newsletter 31st July 2011

Offertory £846.93
Cafod £53.50

Newsletter 31st July 2011.

Almost August so I hope that things will be a little quieter and that you will be able to enjoy the holiday month. If only it could become a little warmer. So not many parish notices until we start again in September.

I have put out the inscription forms for the First Holy Communion classes. I would be grateful if you could return these to me as soon as possible. I will need to order the books for the children for the parents. As always the First Communion programme is most enjoyable and we have many good days – not only with the children but with the meetings of the parents.

The rice from Malawi has sold well. I understand that it is much better than the normal rice from the supermarket. Here is another recipe from French recipe book. Cook the rice, drain and dry. Cook some small peas, cool and drain. Mix the peas with some prawns, add to the rice and mix sell with some mayonnaise. Pile into a serving dish and add some quartered tomatoes round the base. A sprig of parsley on top to complete.

And now a prayer:
Grant us, O Lord, to pass this day in gladness and peace, without stumbling and without stain; that reaching the eventide victorious over all temptations, we may praise you, the eternal God, who are blessed and govern all things, world without end. Amen.
This is taken from the Mozarabic Liturgy, celebrated at the Cathedral of Toledo in Spain. The Council of Trent introduced a new universal Liturgy for the Church, but this did not reach Toledo due to the occupation by the Moors, and so the old liturgy remained in use – it has been preserved to the present day – with a special form of the Mass – and is known as the Mozarabic Liturgy. Once, many years ago, I set off from Madrid before dawn to attend this Mass in the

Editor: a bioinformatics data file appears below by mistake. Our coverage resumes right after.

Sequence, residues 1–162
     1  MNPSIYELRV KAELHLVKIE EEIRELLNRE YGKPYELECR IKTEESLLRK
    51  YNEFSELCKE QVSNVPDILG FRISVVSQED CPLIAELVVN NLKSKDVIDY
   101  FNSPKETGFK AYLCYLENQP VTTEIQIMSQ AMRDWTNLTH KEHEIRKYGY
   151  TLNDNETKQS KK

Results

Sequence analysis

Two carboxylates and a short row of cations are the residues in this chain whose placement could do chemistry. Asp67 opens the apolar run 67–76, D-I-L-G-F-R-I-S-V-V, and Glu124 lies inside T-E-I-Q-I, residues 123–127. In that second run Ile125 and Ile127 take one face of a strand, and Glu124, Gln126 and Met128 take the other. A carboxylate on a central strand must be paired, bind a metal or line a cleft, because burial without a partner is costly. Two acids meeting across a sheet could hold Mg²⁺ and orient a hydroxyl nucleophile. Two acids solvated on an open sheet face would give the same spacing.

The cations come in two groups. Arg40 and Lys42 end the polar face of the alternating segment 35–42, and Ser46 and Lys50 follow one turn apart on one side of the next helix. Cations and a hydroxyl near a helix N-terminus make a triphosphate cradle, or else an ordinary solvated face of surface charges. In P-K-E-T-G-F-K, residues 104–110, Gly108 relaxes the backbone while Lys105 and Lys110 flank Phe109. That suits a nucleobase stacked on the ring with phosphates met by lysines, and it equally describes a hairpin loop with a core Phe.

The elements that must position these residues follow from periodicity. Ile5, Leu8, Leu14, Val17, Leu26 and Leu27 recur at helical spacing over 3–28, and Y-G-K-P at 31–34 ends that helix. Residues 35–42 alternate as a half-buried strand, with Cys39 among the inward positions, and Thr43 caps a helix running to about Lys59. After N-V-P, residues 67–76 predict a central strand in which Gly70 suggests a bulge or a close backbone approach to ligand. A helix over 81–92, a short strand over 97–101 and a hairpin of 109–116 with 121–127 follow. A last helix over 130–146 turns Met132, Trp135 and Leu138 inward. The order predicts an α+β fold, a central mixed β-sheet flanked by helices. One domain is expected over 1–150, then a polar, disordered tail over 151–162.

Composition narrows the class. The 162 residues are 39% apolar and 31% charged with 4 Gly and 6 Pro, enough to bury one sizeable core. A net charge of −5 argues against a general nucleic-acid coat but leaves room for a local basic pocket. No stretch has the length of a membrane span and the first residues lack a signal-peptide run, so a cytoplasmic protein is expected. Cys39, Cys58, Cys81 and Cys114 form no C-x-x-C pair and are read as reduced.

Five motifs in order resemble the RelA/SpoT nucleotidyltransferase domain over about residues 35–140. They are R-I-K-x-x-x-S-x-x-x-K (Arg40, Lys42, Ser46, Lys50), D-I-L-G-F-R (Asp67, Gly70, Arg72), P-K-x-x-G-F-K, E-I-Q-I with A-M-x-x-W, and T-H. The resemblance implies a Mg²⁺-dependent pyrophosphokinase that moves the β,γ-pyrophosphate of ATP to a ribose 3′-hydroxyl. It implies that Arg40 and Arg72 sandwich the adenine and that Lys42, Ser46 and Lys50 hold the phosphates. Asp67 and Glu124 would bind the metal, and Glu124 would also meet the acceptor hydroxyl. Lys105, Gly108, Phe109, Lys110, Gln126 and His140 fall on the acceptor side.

Cathedral at Toledo.

You will need a poem now, so how about something from Kubla Khan?
So twice five miles of fertile ground
With walls and towers girded round:
And here were gardens bright with sinuous rills,
Where blossomed many an incense-bearing tree;
And here were forests ancient as the hills
Enfolding sunny spots of greenery.

This reminds me that I need to start on the Christmas quiz for the magazine. It has become an annual joust with Ali, but each year she has been able to defeat me, no matter how obscure the questions, so I must try extra harder this year. Also my nieces do pretty well and now with great nephews to help, I don’t stand a chance.

The apple trees in the garden have done well this year, particularly the Bramleys. The Eucharistic Ministers were able to sample them the other evening. I decided to pick some of them before they became too big – or were damaged by the birds. The magpies are back as usual, with visits from the crows from time to time, as well as one elderly but very friendly robin. You must look out for him.

The school is now closed until the beginning of September. There will be a special day in August when the GCSE exam results arrive. Some of the pupils hold their envelopes and find it difficult to drum up courage to open them as they wonder what they might find. Then lots of hugs and laughs when they see the results.

All the new trains are now in service on the Victoria Line. The previous trains dated back to 1968, when the line was first opened. At the time they were one of the wonders of the age, to be compared to Concord and the QE2, for they were fully automatic. The driver only had to push a button to close the doors and start the train. New automatic systems are being introduced at present on other lines, as part of the upgrade of the Underground, but 43 years ago, this was revolutionary. In the same year the last steam locomotives were still operating on British Railways, so this was a world apart.

I hope that you are able to find the Parish Web site at It seems to be working well and I am able to add the newsletter each, to the puzzlement of readers from other parishes who wonder what it is all about.

Best wishes to you all,

Monsignor Nicholas Rothon

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